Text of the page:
Mean snout-vent length and (relative) abdomen length was greater

Mean snout-vent length and (relative) abdomen length was greater in females than males, whereas absolute and relative mean head size, fore – and hindlimb length was larger in males. These patterns suggest that body size may reflect sexual evolutionary conservatism. The lizards are smaller at

higher elevations or in colder climates, representing the converse of Bergmann’s rule. Absolute differences in female body size among taxa are not equal to the male differences among taxa. This results in a slope less than one when male size is regressed on female size, which allows rejection of Rensch’s LDK378 cell line rule for this group. The female body size elevation-related cline was steeper than the corresponding male cline. Litter sizes were both smaller and less variable at higher elevations. These elevational clines remained after application of phylogenetic comparative methods, indicating that ecological processes play a more important role than phylogeny in shaping patterns of size and reproductive variation in these lizards. It is suggested that seasonal activity and temperature are important environmental factors Sorafenib clinical trial that contribute to the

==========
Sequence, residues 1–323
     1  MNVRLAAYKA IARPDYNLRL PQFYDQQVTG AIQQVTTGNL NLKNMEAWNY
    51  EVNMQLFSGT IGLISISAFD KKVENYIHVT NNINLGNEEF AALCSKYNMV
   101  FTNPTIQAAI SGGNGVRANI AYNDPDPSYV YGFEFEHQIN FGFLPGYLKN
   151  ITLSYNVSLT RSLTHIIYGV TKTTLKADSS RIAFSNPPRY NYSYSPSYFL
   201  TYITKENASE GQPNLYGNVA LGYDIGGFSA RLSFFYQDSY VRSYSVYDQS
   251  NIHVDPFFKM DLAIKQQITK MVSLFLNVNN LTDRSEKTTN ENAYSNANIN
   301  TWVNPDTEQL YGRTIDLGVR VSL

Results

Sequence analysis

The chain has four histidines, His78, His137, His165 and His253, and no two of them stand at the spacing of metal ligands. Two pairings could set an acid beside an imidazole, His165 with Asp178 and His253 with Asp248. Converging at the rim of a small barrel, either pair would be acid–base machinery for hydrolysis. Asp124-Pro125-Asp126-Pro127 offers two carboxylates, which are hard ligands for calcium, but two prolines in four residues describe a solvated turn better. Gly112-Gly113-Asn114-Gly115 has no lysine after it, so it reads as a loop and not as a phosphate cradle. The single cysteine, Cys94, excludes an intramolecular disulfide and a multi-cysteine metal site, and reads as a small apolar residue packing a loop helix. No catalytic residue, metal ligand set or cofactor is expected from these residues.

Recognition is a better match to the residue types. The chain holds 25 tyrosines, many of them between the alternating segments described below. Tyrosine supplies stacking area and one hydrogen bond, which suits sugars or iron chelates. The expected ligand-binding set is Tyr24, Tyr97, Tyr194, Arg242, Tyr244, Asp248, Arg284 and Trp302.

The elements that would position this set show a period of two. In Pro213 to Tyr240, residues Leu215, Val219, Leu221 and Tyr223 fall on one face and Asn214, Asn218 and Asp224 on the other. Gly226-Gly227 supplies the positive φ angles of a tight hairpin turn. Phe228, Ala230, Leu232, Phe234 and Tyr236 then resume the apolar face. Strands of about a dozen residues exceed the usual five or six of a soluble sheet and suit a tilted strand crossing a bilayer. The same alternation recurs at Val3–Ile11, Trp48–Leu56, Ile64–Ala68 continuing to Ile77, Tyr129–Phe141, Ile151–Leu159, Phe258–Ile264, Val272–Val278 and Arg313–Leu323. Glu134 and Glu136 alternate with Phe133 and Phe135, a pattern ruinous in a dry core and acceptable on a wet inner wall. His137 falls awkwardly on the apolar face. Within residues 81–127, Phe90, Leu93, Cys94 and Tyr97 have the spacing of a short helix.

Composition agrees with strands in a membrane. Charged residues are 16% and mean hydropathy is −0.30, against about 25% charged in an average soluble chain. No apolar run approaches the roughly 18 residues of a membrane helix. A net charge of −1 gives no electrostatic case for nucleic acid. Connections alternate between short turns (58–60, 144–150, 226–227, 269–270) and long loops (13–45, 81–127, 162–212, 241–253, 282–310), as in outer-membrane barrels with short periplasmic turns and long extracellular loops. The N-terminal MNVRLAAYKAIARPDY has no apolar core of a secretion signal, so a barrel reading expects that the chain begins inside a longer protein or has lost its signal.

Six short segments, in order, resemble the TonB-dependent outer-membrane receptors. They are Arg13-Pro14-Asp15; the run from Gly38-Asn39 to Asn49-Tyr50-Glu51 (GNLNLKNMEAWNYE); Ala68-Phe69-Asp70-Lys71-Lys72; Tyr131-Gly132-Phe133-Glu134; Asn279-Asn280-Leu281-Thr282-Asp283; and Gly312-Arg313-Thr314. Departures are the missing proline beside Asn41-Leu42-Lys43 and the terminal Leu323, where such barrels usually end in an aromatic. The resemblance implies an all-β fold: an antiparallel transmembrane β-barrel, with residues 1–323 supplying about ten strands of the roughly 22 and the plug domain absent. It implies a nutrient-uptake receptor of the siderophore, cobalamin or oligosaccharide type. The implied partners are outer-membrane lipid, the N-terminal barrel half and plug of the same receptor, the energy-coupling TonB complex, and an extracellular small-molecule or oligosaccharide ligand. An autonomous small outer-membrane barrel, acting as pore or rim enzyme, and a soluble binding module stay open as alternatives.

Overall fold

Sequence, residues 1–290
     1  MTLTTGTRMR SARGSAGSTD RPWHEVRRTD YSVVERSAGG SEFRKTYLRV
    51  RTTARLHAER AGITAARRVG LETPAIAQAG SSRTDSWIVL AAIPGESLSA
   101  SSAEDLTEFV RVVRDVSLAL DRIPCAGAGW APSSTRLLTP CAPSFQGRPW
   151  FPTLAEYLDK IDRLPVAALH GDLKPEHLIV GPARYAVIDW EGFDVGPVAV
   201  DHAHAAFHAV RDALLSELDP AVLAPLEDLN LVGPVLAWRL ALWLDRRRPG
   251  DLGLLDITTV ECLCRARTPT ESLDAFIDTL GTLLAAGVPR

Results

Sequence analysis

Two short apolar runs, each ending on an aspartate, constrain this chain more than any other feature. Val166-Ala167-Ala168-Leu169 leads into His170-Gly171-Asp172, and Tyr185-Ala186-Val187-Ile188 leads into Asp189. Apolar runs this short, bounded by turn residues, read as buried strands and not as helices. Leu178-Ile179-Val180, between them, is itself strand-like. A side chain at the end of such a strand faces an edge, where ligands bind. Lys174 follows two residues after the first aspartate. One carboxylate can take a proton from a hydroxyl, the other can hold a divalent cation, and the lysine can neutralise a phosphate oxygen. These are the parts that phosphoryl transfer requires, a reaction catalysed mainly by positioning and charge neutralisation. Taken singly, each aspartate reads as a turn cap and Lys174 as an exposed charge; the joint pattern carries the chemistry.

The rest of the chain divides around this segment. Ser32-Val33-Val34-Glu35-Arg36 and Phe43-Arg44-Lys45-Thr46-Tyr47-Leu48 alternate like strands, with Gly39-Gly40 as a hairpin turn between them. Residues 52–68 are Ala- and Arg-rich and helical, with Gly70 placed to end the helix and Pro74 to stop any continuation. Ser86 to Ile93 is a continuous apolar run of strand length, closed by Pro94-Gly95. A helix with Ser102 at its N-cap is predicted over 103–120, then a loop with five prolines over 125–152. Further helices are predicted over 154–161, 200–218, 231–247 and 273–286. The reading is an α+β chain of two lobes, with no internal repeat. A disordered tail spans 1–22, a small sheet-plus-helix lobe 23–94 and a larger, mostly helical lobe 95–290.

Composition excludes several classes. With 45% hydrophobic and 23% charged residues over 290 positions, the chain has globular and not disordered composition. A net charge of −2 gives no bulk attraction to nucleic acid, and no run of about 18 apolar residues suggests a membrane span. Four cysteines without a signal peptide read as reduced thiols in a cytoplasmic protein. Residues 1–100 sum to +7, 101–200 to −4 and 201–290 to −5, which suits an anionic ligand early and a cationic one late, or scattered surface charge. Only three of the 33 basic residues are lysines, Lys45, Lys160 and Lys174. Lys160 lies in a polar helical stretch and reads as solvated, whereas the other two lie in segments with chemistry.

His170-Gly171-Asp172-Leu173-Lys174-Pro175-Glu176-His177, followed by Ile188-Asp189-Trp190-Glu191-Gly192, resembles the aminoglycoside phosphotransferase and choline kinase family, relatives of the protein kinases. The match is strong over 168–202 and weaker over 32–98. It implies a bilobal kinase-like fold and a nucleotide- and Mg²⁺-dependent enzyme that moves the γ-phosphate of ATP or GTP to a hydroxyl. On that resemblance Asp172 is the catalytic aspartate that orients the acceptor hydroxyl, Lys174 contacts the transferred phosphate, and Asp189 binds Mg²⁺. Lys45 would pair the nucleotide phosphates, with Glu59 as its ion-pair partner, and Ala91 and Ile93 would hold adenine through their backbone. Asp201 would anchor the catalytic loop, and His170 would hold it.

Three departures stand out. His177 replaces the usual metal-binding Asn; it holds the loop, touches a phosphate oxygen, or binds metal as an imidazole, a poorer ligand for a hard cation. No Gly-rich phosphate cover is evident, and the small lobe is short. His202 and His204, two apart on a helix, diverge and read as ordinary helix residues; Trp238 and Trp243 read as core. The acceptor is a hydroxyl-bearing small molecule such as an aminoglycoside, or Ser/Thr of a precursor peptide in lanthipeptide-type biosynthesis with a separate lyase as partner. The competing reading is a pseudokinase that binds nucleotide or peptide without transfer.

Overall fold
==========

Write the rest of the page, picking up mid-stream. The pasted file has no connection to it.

converse Bergmann’s cline, while fecundity selection in females and sex-specific differential-plasticity likely explain why patterns do not conform to Rensch’s rule. “
“Cryptic behavior and unpalatability are common defensive strategies that occur in different taxonomic groups, but

the effectiveness of these defensive strategies is context dependent, varying with predator type and co-occurring species. We tested this assumption by measuring the mortality rates of Eupemphix nattereri (cryptic behavior) and Rhinella schneideri (unpalatable) tadpoles in association with the predatory fish Oreochromis niloticus (vertebrate) and the dragonfly larvae of Aeshna sp. (invertebrate). We designed a second experiment to evaluate whether fish predators are capable of Unoprostone learning to avoid unpalatable prey once they have encountered it. Our results showed that fish preyed selectively on palatable tadpoles, avoiding unpalatable tadpoles and that the odonate larvae were more efficient in preying on the more active unpalatable tadpoles and less efficient in capturing those tadpoles that presented cryptic behaviors. Additionally, our data suggest that the antipredator traits of tadpoles can interact with each other, with cryptic tadpoles showing lesser mortality when co-occurring with unpalatable tadpoles and odonate predators. Unpalatable tadpoles also increase the mortality of cryptic tadpoles in the presence of experienced fish predators. These prey traits interact in modifying the prey preference of the predator, which constitutes a prey-induced trait-mediated interaction (TMI).

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